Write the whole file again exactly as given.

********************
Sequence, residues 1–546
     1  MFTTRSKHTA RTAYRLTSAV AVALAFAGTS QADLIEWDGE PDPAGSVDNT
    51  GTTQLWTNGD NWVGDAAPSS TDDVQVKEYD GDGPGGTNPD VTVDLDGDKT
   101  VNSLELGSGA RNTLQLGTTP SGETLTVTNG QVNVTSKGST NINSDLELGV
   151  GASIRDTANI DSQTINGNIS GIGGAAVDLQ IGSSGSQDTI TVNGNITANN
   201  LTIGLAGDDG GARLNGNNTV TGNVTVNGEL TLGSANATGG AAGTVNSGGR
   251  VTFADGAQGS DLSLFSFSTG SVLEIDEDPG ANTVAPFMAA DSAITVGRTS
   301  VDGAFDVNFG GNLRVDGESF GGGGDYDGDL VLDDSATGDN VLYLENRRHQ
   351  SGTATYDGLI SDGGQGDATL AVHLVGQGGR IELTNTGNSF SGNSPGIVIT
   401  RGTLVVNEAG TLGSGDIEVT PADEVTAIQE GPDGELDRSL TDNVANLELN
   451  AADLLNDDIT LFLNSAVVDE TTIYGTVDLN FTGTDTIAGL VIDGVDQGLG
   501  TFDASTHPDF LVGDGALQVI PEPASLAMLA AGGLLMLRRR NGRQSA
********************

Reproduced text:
Sequence, residues 1–546
     1  MFTTRSKHTA RTAYRLTSAV AVALAFAGTS QADLIEWDGE PDPAGSVDNT
    51  GTTQLWTNGD NWVGDAAPSS TDDVQVKEYD GDGPGGTNPD VTVDLDGDKT
   101  VNSLELGSGA RNTLQLGTTP SGETLTVTNG QVNVTSKGST NINSDLELGV
   151  GASIRDTANI DSQTINGNIS GIGGAAVDLQ IGSSGSQDTI TVNGNITANN
   201  LTIGLAGDDG GARLNGNNTV TGNVTVNGEL TLGSANATGG AAGTVNSGGR
   251  VTFADGAQGS DLSLFSFSTG SVLEIDEDPG ANTVAPFMAA DSAITVGRTS
   301  VDGAFDVNFG GNLRVDGESF GGGGDYDGDL VLDDSATGDN VLYLENRRHQ
   351  SGTATYDGLI SDGGQGDATL AVHLVGQGGR IELTNTGNSF SGNSPGIVIT
   401  RGTLVVNEAG TLGSGDIEVT PADEVTAIQE GPDGELDRSL TDNVANLELN
   451  AADLLNDDIT LFLNSAVVDE TTIYGTVDLN FTGTDTIAGL VIDGVDQGLG
   501  TFDASTHPDF LVGDGALQVI PEPASLAMLA AGGLLMLRRR NGRQSA